In less than six weeks, on Jan. 7, 2019, Gov. Scott Walker will leave office and Gov.-elect Tony Evers will be sworn in as Wisconsin’s 46th governor, Attorney General-elect Josh Kaul, other state elected officials and lawmakers will be sworn in as well as the new legislative session begins.
I have been analyzing results from the Nov. 6 elections, and despite all 18 city and county cannabis advisory referendums sweeping to victory as I had predicted, extreme gerrymandering of legislative districts has left Republicans still holding large majorities in both houses of the Wisconsin legislature.
Senate majority leader Scott Fitzgerald has been hostile to any cannabis law reform throughout his career and while Assembly Speaker Robin Vos claims he supports medical cannabis if it is regulated like oxycontin, he has said he wants the federal government to legalize it first before Wisconsin would act.
What is the next step? Is there any chance of even a watered down bill this coming session? Could cannabis industry lobbying change the dynamic? Michigan voters legalized cannabis Nov. 6 and new Illinois Gov. Pritzker has said he wants to legalize by May. Minnesota’s incoming governor Tim Walz has also been open to legalization and met with former Gov. Jesse Ventura to discuss it. Could legalization in neighboring states change Wisconsin lawmaker’s minds? Are they willing to let other states have those jobs and revenues?
As of Dec. 6, Michigan adults over the age of 21 can possess and consume marijuana in the privacy of their homes. The state has one year to develop rules for a commercial marijuana industry in the state, and has to accept the first business license applications in December 2019.
That’s a factor, so is what the U.S. Congress does, and it is more likely to act with Democrats now in control of the House. But something big has to crack for it to go through in Wisconsin.
The governor of Wisconsin cannot pass laws by decree: any cannabis bill must get at least a simple majority in each house. In the senate that’s a minimum 17 votes from the 33-seat chamber, and in the Assembly, that’s at least 50 of the 99-seat chamber. With the GOP holding wide majorities and committee chairmanships, it seems unlikely any Democratic-sponsored cannabis legalization bills will be allowed to move, and that no GOP legalization bills will be introduced. This is the same pattern we’ve seen the last 4 sessions since Republicans won the governorship and legislative majorities in 2010, and I can’t see any likelihood it will be any different in the upcoming 2019-2020 session.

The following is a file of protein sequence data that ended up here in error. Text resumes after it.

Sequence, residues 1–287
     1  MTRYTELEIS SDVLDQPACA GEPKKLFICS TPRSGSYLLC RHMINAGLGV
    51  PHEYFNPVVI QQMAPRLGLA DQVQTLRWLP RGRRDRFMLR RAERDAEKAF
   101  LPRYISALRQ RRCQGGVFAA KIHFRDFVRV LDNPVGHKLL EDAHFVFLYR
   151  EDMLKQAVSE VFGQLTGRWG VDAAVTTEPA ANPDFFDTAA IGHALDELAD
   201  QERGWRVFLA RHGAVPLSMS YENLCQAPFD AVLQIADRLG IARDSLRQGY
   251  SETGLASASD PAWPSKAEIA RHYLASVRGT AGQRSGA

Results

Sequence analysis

The full economic implications of legalization in Michigan and likely legalization in Illinois and possibly Minnesota are unlikely to be felt until after a legal distribution system is created and implemented in those states. While Michigan’s new law gives state regulators a year to do so, it is not impossible it might happen sooner and the state’s licensed medical cannabis dispensaries could be allowed to sell to adults as happened in Washington and Oregon. So while sometime in the future Wisconsinites will likely be visiting our neighbors to score legal pot, that is not going to happen soon.
Advocates are rightfully thrilled at the big referendum wins in Wisconsin and what they represent in terms of public opinion supporting cannabis legalization. But while the state has a new governor and attorney general who are both open to cannabis, there is still a legislature where the majority remains opposed with the leadership seeming unwilling to bend. Even if sufficient Republicans were to support legalization, bills need to have a public hearing in committee followed by a vote. So the GOP leadership simply assigns the bill to a committee chaired by a reliable opponent. And while anti-pot committee chairs like Rep. Joel Kleefisch and Sen. Leah Vukmir will not be back next year, there are no doubt others ready to take their place to continue the stonewalling.
While the GOP leadership has not specifically addressed potential legalization since Senate President Roger Roth pooh-poohed it in the Green Bay Press Gazette after the election, remarks by Senate Majority Leader Scott Fitzgerald and Assembly Speaker Robin Vos seem to point to an obstructionist approach to dealing with Gov.-elect Evers.
Advocates still face a steep uphill climb to pass legalization of medical and adult use cannabis in Wisconsin. And given Republican control of the legislature, even any potential “compromise” legalization would likely be very restrictive and far from the wishes of Wisconsin voters who showed up in force Nov. 6 to make it clear to elected officials that state cannabis laws must change.